So, how did someone as amazingly awesome as I get into a situation such as this? That, my friend is fairly simple….yet fairly complicated at the same time. I ended up unexpectedly divorced at the age of 49, not uncommon these days. What is uncommon are the circumstances and the disease that taunts me on a daily basis making it very difficult to get ahead in this ever changing world. I first got married back in 1986. I was that little girl that dreamed of the fabulous white wedding, with lovely flowers, a handsome prince, and the happily ever after. My first husband was, what I thought, everything I ever wanted in a mate. He was a singer, a magical singer. Let me reminisce for a moment.
I was raised in an amazing family. We were a large, loud, musical family from the Midwest. WE had very strong Christian roots, and our church and music were the hallmarks of our lives. When I was 16 I recorded my first and only album with a band that was fairly well known at the time in Minnesota. It was a thrill for me. My brothers were in the band, my sister in law, and friends from school. WE would tour every summer, and weekends were spent doing concerts in the greater twin cities area. And every summer we sang at a music festival at a camp in Wisconsin. Those times, I have to admit, were some of the most magical and life changing times of my life. It was during these times that I learned who I thought I wanted to become, where I wanted to go in my life, and how important God and Grace would be in this girl’s journey. It was also during this time that this awful disease “lupus” would begin to relentlessly follow me around and literally haunt my life.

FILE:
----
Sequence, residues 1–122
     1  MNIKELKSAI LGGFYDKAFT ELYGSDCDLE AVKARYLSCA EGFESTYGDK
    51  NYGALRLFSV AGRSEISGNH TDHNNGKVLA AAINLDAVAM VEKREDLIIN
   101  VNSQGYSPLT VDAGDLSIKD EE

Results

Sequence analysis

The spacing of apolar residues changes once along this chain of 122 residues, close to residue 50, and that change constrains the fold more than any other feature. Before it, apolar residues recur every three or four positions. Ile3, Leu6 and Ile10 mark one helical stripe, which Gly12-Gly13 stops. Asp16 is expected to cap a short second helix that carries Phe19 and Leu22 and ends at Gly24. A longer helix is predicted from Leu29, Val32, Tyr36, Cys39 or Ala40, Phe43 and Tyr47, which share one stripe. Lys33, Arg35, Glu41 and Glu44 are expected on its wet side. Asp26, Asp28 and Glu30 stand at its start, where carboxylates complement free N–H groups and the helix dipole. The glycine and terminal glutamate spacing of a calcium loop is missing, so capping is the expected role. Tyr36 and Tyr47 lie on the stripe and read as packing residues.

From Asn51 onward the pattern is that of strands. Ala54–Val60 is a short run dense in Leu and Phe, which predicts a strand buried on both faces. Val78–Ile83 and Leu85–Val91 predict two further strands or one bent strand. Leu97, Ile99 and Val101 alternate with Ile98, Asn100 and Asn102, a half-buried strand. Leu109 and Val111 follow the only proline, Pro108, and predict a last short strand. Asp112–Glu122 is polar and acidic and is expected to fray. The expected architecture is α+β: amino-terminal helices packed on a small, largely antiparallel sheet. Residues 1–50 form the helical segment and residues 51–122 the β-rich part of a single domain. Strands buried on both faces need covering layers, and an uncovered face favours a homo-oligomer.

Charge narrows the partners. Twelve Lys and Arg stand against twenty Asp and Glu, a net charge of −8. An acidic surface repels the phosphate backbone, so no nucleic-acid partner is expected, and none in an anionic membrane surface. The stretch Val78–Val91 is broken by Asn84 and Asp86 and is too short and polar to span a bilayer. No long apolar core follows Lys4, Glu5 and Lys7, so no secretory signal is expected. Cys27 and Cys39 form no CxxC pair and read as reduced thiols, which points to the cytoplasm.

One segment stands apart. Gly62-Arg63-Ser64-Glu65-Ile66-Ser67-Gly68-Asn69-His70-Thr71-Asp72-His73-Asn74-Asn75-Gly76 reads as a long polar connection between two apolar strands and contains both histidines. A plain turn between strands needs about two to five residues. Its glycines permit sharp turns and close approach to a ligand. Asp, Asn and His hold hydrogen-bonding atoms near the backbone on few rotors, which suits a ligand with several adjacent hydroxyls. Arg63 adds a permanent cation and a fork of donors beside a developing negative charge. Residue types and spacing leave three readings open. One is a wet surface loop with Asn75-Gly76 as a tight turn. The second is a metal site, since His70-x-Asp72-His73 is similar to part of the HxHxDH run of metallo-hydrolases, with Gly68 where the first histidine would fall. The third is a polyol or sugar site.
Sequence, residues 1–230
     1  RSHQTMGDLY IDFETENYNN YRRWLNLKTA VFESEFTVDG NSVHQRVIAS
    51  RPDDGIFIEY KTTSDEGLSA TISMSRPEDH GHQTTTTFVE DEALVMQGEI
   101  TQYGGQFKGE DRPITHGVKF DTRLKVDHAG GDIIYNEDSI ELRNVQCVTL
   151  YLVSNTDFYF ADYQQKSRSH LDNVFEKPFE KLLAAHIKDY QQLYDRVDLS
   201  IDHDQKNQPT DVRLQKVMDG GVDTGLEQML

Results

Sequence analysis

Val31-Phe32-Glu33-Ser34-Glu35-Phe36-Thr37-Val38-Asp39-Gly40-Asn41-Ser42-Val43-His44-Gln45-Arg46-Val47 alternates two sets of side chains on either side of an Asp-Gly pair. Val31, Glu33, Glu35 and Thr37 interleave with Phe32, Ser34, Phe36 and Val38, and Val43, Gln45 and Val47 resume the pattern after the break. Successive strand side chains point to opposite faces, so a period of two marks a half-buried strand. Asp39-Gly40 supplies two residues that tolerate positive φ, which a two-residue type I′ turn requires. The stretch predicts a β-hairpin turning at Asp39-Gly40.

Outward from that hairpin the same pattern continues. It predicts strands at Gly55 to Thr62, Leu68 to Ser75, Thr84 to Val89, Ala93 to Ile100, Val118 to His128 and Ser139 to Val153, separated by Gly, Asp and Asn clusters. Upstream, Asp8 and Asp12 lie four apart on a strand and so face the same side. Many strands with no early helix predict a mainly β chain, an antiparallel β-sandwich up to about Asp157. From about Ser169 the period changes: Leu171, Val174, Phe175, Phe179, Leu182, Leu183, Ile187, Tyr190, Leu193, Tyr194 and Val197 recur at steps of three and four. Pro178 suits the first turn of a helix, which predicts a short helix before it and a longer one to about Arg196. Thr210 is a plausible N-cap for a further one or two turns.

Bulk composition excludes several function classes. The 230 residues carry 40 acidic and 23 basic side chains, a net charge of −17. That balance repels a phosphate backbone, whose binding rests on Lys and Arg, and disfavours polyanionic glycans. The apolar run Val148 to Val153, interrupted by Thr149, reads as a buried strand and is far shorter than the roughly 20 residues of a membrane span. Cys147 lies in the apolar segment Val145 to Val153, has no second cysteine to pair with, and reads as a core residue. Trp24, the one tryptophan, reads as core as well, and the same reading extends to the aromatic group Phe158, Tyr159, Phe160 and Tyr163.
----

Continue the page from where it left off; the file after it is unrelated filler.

My parents were incredible people. They raised my brothers, sister and I to be strong, faith driven people who believed we could be who or whatever we wanted. Good or bad mom and dad stood by our side, they cheered us on, they loved us unconditionally, and taught us that the most important thing in life is to be true to who you are, and strong in your convictions. There were however, scary times in our lives as well.
There is a little taste. AS I get further in the writing process I will write more. for all you lupies out there stay out of the sun, rest, don’t get too stressed, and stay true to yourself. NOt everyone is going to understand your disease and that’s okay. Only you know how to best take care of your self!